Tuesday, December 12, 2023

In case you were wondering: A surfeit of social realities to explain (a bit) about how we got here

Image by Taken from Pixabay

I haven't worked as a full-time journalist for almost 20 years now, but people still pay me to go find things out. I have a habit of finding way more information than the person who hired me wanted, the curse of a curious nature. 

Here's some of the surplus I've accumulated recently from some of that work, all of it related to the multiple layers of social crises we're seeing emerging in virtually every BC community. I drive along 900-block Pandora Street sometimes and am at a loss to grasp just what the hell is happening to us, but when I consider all the snippets of social tragedy below, it makes a very, very sad kind of sense. 

For instance:

We shut down institutions and never really replaced them with much

Riverview Hospital used to be BC’s largest mental institution, housing 4,300 people at its peak in the 1950s. But by the early 1990s, locking up people deemed "mentally disordered" for indefinite periods of time, with or without their consent, had fallen from favour. Riverview had been scaled back to 1,000 beds, and plans to replace institutional care with community care were in their final stages.

But from the start, the political motivations for closing Riverview were as much about cost savings as they were about philosophical shifts in how best to support people with mental illness. Between 1994 and 1998, spending on in-hospital psychiatric units was cut almost in half, and spending on community services for mental health was reduced as well, despite years of political promises to the contrary. 

Riverview was permanently closed in 2012. The long-abandoned promise of community services to replace what Riverview once provided isn't even talked about anymore. We are not going to return to the days of huge institutions, and that's a good thing, but there must be some middle ground between that and the modern-day reality of abandoning people with lifelong psychiatric health issues to figure out a hard life on their own. 

As for BC hospitals' psychiatric units, people pass through them so quickly nowadays that their mental health crisis doesn't even have a chance to stabilize. People used to stay an average 36 days in BC psych units before being discharged, but that fell to 15 days a number of years ago, and 14 days now. Psychiatric admissions between 2005 and 2017 increased 29 per cent, with no increase in beds[3].

People with developmental disabilities used to have to live in large institutions in BC as well back in the day. But deinstitutionalization happened for them around the same time as Riverview was being phased out.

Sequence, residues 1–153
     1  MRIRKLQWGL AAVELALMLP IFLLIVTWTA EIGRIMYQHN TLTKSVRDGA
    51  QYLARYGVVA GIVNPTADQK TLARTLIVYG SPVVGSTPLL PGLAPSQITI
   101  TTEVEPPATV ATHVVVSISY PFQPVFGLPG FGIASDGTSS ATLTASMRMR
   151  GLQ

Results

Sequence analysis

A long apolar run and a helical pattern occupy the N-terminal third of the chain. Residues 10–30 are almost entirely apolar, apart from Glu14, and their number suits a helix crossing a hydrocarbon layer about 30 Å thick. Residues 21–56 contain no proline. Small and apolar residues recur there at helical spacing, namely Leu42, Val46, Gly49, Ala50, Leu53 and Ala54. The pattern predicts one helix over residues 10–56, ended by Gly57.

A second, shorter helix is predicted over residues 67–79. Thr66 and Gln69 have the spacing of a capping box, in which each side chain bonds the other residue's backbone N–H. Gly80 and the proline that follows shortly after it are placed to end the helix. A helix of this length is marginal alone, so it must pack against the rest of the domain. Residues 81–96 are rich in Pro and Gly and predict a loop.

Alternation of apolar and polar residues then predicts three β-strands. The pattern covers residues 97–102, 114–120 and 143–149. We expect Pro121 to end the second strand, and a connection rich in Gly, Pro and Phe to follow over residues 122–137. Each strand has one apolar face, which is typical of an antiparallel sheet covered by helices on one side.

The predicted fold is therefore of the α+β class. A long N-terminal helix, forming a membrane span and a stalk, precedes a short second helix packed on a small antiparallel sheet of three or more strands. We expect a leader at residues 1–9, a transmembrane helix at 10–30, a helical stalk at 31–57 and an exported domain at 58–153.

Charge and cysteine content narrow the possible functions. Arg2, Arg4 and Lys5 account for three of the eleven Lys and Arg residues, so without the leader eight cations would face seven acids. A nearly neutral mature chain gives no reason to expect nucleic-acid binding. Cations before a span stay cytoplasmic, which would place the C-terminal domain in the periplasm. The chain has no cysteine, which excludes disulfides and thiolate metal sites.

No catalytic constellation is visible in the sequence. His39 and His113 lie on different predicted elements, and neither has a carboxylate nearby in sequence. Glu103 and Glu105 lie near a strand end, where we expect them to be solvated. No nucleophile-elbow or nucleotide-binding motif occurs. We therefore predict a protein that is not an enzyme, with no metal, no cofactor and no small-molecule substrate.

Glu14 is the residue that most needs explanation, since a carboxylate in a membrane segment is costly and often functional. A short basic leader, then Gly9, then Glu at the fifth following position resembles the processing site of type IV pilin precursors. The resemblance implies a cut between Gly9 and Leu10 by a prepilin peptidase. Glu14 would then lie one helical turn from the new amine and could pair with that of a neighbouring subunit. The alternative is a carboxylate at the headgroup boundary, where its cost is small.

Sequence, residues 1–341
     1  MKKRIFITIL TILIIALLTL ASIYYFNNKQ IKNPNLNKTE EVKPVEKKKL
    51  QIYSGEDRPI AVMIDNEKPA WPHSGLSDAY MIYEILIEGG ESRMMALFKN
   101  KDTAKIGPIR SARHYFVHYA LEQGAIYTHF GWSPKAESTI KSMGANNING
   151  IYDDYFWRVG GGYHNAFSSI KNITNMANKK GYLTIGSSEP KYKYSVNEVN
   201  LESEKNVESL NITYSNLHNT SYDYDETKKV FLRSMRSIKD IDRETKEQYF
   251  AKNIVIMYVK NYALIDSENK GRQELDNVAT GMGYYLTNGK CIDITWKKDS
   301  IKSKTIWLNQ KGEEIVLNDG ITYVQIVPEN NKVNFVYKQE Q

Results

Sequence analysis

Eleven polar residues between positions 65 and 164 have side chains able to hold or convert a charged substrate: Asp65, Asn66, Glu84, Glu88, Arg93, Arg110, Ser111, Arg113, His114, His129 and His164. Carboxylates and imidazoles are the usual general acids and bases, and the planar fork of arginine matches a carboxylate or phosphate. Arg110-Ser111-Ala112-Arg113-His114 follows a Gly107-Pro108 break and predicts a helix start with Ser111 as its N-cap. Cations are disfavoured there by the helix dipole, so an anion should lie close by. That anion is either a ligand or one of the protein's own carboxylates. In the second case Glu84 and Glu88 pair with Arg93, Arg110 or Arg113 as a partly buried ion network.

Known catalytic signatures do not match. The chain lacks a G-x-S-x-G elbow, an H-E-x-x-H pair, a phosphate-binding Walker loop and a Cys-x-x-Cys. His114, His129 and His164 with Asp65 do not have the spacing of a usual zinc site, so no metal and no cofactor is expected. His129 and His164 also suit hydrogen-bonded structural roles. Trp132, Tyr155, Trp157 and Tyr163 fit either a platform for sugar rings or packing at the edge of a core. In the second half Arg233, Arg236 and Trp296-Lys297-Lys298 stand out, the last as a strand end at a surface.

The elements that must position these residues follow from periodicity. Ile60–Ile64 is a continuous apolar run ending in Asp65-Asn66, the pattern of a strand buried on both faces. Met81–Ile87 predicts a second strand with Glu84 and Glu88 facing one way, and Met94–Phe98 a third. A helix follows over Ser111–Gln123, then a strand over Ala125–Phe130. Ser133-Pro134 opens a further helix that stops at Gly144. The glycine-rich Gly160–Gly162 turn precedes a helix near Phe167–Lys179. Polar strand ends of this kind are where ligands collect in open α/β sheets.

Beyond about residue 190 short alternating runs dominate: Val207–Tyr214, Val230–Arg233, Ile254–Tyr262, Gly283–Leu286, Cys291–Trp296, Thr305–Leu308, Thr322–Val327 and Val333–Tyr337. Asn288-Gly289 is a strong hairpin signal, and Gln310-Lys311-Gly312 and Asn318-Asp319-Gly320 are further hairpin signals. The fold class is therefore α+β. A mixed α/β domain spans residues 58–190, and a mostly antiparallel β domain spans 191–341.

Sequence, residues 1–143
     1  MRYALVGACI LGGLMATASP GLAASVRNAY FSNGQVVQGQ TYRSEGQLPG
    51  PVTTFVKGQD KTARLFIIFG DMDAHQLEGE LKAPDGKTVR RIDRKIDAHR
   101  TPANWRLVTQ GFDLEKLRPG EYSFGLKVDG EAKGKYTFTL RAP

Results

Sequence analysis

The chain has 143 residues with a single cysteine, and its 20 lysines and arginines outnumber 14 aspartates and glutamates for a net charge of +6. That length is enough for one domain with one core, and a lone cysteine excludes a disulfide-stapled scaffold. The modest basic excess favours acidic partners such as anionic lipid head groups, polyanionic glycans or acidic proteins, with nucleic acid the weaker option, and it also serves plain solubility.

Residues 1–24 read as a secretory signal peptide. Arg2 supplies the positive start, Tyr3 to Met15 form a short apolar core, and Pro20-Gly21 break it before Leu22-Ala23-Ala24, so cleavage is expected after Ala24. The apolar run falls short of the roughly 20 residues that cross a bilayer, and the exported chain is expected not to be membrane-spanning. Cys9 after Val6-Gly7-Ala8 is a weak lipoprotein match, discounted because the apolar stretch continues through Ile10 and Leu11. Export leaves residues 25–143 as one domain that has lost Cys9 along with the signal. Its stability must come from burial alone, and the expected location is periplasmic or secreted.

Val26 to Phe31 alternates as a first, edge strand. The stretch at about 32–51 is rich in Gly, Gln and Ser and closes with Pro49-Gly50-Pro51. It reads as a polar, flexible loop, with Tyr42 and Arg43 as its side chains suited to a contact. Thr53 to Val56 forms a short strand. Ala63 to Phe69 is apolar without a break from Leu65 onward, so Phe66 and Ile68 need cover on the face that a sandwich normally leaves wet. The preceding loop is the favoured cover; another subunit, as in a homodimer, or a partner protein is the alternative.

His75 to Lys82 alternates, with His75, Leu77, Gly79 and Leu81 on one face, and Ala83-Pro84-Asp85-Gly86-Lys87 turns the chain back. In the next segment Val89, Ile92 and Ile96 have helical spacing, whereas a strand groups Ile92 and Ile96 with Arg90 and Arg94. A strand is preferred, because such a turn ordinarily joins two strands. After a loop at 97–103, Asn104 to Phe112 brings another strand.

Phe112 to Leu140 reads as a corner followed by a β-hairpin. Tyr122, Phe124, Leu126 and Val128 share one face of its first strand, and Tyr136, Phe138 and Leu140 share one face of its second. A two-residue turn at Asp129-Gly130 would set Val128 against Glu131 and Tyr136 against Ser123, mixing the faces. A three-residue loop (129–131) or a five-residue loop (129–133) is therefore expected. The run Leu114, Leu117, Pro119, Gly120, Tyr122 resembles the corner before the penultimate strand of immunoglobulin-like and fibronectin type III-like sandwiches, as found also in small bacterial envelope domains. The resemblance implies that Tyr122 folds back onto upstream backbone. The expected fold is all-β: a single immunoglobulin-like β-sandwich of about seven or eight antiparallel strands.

That population did seem to get better community care for a number of years after institutions like Tranquille, Glendale and Woodlands closed. But over time, the safety net has frayed substantially for them, too. It's not uncommon now to see people with developmental disabilities among the homeless. 

That is such a devastating ending for all the families who fought so hard in the 1960s-70s for the right for their children not to be locked away in institutions. Be careful what you wish for.

We are drowning in poisoned drugs

BC has always had lots and lots of illicit drugs. But what we've got going on in 2023 looks nothing like the relatively straight-forward drug scene of years past. With fentanyl, carfentanil, benzodiazapines and all kinds of other weird additives stirred into the mix now, people are getting sick in entirely new ways, and the death toll from toxic drugs is staggering. 

Since BC declared a public emergency in 2016, there have been 13,000 deaths from toxic drugs in the province, and no end in sight. Annual toxic drug deaths have increased almost ten-fold in the decade from 2012 to 2022, from 270 to 2,342.

For those who overdose on an opiate, prescription drugs like naloxone can save lives when injected immediately after an otherwise-fatal overdose. But people revived after an overdose are at high risk of having incurred a brain injury during the minutes when their brain was not receiving oxygen, and suddenly, a crisis of brain injury among people brought back to life after an overdose is emerging as a new (and almost completely unserved) concern.

Our governments quit building affordable housing

We all know there's a housing crisis going on. The increasing use of housing as an investment is often cited as a primary driver.  But as stats from BC's rental scene make clear, an equally big issue is that nobody has kept up with population growth. 

BC's population grew 34 per cent in the last 30 years. But in that same period, we've added exactly 6,000 more rental units. Our population grew by a third, while the number of rental units increased by a mere five per cent (from 114,129 units to 120,472[4].)

Equally problematic: Rents that are just so far beyond so many people's ability to afford.